Therefore, this study aimed to determine whether aging would reduce the pressor effects of ephedrine on hypotension during general anesthesia. The primary objective of this study was to examine the age-related differences in the increase in the mean arterial pressure (MAP) after the administration of ephedrine. The secondary objective was to evaluate the age-related differences in the increase in CO after the administration of ephedrine. In addition, the changes in systolic blood pressure (SBP), diastolic blood pressure (DBP), heart rate (HR), and stroke volume (SV) were also evaluated as secondary outcomes.
Study design and ethics
This prospective observational cohort study was approved by the Tokushima University Hospital Ethics Committee (approval number: 4000; 28/06/2021) and registered with the University Hospital Medical Information Network Clinical Trial Registry (UMIN000045038; 02/08/2021). All patients provided written informed consent prior to the start of the study. This work adheres to the Strengthening the Reporting of Observational Studies in Epidemiology (STROBE) statement. The administration of ephedrine was justified only for patients who presented with hypotension.
This single-center study was conducted at the Tokushima University Hospital between July and November 2021. Seventy-five patients aged ≥ 45 years were included in this study, with 25 patients allocated to each of the following three age groups: middle age group, 45–64 years of age; early elderly group, 65–74 years of age; and late elderly group, ≥ 75 years of age. Only patients aged ≥ 45 years were included in this study as distinct patient profiles were anticipated between the younger and middle-aged to older age groups. Consecutive patients who received ephedrine during the observation period starting from the earliest date of surgery were included until the sample size reached 25 patients in each group.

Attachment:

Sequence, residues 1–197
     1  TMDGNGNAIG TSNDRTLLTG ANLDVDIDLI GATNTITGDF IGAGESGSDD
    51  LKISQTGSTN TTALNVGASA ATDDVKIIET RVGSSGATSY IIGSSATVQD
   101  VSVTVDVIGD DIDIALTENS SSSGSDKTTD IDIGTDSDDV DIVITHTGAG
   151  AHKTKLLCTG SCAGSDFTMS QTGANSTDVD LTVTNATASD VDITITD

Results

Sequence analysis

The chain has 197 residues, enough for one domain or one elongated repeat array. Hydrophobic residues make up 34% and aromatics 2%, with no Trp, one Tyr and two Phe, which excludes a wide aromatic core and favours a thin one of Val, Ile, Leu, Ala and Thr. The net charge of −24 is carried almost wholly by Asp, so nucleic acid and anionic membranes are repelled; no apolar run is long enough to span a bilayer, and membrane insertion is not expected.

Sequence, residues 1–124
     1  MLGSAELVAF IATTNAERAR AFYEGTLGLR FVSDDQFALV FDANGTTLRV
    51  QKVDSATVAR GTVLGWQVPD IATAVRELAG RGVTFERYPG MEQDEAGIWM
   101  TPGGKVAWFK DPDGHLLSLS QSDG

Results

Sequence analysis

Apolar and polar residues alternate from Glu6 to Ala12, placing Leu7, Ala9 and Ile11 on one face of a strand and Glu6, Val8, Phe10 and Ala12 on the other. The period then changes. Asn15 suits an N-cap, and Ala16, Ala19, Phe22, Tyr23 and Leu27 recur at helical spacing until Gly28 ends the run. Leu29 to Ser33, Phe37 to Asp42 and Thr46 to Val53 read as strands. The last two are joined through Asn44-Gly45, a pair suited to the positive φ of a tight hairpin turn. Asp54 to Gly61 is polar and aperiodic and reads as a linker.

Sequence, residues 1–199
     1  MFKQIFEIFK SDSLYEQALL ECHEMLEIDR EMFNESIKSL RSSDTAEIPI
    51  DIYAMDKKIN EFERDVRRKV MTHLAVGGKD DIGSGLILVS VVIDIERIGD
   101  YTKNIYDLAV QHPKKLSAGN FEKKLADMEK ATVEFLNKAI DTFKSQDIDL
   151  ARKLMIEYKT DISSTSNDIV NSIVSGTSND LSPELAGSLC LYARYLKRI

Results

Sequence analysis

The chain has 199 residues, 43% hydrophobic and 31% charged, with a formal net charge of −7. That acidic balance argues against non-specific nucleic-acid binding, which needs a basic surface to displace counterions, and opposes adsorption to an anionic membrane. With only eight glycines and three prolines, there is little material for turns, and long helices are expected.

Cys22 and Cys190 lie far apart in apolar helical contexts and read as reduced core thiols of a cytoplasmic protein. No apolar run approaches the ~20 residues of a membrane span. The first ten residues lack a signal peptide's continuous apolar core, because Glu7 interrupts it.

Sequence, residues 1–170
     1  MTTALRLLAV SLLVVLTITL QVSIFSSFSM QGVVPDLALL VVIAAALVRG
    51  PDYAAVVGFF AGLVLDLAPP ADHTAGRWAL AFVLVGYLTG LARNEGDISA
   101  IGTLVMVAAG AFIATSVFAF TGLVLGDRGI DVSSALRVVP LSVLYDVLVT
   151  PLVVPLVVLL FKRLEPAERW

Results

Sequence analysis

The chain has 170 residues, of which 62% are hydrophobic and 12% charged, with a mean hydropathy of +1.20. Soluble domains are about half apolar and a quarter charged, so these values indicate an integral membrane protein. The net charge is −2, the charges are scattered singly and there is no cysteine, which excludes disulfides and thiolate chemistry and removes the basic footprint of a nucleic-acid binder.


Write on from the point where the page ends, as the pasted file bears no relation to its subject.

The eligibility criteria were as follows: ≥45 years of age; American Society of Anesthesiologists Physical Status I or II; and scheduled to undergo surgery under general anesthesia. All potentially eligible patients were evaluated in advance at the outpatient anesthesiology department. The exclusion criteria were as follows: surgery performed in a position other than the supine position; the presence of cardiovascular, respiratory, or severe mental disease; the presence of neurological disorder or severe liver dysfunction; electroconvulsive therapy; dialysis; pregnancy; obesity (body mass index [BMI] ≥ 35 kg/m2) or emaciation (BMI < 14 kg/m2); and estimated continuous CO (esCCO; Nihon Kohden, Tokyo, Japan) that was deemed difficult to measure. Patients who did not receive ephedrine during the observation period were also excluded.
General anesthesia, data collection, and outcomes